I had a vision, partial vision, of my community, like remembering a dream, starting from where I stood in RevenFlo on Caldwell Street. The building was two stories, as opposed to its now one. I walked out of our back door, and there was a courtyard of paths before me, a road system of sorts for walking and biking and skating, designed among green and garden and public art. These were pathways that seemed to be linked to a series of pathways beyond the courtyard, and beyond my vision.

This impressive system of moving without motors was the result of the work and collaboration of many and was a primary focus of an amazing program that we had introduced into the community that was a collaboration between the private sector, the local university, the colleges, and K12. This program was an ongoing transportation prototyping project that involved programming, design, mathematics, engineering, surveying, urban and rural planning, field testing, and more. The program didn’t teach all of these disciplines. It simply provided, facilitated, and managed the platform and the experience of the endeavor itself. The program revolved around the digital application work to be done and the process and delivery management of that work. Participants brought their own level of input and expertise. Though it had started small, the program had grown to be a significant endeavor with experts in the applied fields participating heavily, as attracted by the very nature of the program. The program was inextricably tied to the creative and intellectual services sectors that employed many of the experts and entrepreneurs of the area.

Beyond the courtyard of walking paths, green, and gardens was a parking garage.  The garage was three stories and was attached to a hub connection of the local streetcar system. This particular hub was the connector of the Saluda Cherry and the Dave Lyle lines. The former ran from the Saluda area through the Caldwell district through the vibrant corridor of mixed use that was authentically still reflective of its textile past, then on to the University where the line met another connector hub, this time connecting to the bus system that ran to the hospital. All of this connected to a larger system of transportation through the county with road planning and connectivity to bus and rail systems.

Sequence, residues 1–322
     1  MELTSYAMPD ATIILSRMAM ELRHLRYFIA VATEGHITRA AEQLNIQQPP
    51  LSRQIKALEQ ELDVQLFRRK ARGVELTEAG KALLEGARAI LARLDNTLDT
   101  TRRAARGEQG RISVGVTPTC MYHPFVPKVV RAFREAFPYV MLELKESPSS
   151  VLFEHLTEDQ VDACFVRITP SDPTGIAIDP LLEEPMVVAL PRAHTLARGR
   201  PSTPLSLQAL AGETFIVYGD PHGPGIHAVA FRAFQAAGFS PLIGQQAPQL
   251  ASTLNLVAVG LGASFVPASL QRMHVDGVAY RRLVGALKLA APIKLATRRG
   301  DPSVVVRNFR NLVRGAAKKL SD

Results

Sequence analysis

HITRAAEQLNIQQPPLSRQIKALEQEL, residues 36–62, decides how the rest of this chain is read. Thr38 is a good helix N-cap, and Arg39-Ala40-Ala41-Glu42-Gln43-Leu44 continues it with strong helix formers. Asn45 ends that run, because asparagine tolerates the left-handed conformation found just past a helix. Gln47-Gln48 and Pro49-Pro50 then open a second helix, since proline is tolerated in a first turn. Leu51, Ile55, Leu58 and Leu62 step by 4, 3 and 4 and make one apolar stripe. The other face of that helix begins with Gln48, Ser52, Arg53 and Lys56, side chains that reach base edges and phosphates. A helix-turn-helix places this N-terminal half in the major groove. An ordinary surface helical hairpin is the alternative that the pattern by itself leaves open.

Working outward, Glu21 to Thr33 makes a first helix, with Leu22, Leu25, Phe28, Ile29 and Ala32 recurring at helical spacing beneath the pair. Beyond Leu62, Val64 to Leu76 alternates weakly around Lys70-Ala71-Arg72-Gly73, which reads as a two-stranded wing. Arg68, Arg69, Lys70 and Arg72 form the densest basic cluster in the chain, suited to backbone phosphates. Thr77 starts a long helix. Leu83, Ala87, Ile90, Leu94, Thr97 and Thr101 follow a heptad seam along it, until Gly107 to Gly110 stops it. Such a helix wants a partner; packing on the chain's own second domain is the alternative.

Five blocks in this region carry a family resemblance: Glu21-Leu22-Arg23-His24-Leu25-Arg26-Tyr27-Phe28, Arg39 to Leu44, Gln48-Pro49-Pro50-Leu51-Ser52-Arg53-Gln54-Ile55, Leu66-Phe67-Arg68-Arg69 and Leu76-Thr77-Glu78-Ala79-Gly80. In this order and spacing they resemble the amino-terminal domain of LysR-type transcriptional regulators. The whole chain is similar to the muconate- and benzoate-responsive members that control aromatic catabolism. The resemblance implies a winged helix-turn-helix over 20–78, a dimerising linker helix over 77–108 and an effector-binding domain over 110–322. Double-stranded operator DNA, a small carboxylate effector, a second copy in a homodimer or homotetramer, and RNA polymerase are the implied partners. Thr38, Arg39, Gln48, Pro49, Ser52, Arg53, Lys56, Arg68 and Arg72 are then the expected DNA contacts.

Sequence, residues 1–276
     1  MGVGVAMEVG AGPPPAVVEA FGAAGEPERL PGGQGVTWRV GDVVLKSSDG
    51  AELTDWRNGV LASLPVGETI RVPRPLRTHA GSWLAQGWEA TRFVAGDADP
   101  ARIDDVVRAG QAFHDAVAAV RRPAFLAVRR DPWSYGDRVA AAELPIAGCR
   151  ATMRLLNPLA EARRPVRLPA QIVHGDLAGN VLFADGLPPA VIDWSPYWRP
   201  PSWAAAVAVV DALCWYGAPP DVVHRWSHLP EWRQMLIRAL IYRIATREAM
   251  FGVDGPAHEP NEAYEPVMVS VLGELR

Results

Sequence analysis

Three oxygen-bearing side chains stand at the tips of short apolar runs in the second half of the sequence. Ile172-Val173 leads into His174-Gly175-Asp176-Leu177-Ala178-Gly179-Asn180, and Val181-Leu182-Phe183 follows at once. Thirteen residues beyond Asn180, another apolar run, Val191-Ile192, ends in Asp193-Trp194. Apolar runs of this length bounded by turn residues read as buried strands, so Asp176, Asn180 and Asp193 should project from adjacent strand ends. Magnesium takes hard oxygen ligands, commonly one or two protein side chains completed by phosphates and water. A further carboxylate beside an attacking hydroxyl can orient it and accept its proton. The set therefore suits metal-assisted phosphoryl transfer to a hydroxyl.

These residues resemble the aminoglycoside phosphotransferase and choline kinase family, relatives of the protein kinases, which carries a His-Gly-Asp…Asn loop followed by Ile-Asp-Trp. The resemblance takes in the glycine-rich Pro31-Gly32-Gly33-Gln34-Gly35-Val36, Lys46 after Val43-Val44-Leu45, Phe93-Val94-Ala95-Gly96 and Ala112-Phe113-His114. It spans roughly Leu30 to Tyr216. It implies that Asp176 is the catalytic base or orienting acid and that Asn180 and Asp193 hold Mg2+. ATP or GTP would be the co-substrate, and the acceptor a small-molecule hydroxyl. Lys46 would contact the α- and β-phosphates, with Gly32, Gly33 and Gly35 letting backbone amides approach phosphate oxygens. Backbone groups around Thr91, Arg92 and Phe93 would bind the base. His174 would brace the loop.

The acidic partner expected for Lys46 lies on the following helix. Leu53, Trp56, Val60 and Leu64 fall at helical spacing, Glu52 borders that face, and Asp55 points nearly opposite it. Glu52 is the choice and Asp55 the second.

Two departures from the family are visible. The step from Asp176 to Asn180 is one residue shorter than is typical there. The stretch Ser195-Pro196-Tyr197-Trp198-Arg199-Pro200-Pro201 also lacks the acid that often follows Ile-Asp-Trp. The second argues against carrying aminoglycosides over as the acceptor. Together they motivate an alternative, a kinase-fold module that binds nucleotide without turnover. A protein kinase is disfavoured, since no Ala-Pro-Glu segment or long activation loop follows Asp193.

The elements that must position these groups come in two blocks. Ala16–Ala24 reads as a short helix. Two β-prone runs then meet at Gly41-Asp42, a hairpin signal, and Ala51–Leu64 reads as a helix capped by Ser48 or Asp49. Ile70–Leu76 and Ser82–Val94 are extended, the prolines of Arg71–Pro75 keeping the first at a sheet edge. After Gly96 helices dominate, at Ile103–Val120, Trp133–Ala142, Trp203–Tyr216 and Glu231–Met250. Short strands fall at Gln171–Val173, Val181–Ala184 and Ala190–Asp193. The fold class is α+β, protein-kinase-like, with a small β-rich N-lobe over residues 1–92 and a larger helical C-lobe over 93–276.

This transportation-focused creative prototyping program, an innovation of our community, took place in the Hive, a buzzing environment of constant training and project-work programming with collaborations among the private sector, public sector, and educational institutions. These programs varied wildly in focus and included students from the general community, from the university, the colleges, and K12.

The program also included students from all over the region and had a sister program that was located in the Wilmore School in South End in Charlotte. Both programs had students from Charlotte and surrounding counties, including York and Lancaster Counties in SC, then on to Columbia, Greenville, and Charleston, as these cities were all connected through a high-speed passenger train system that was in turn connected to a well-operated national train system similar to our airport system today.

Thus, each of the individuals participating in these programs, as well as every individual in the community, was availed to a human internet of sorts connecting them to anywhere they wanted to go.

I thought of these innovative work programs happening at the Hive as I walked to a retail store on Main Street, as was my destination for point of errand. The store sold local fashion – clothing, shoes, and other localized lifestyle items. The store was operated by a group of students who were in a program connected with one of the businesses down on Fabric Street in the corridor – a vibrant mixed-use district known for the textile artist community there. The program not only had private sector involvement, but had participation and affiliation with the university, the colleges, K12, and other regional educational institutions connected with fashion and textiles – again, well connected through train systems and of course by the internet.

With a wholesome pride and admiration for the hard-working, innovative program participants behind the luxury I was experiencing, I purchased my item of interest, spoke to the familiar friendly student attendant, and left the store walking up main street.  I tried not to be in a hurry, as life is the journey, but I was excited to return to my office. There was much work to be done.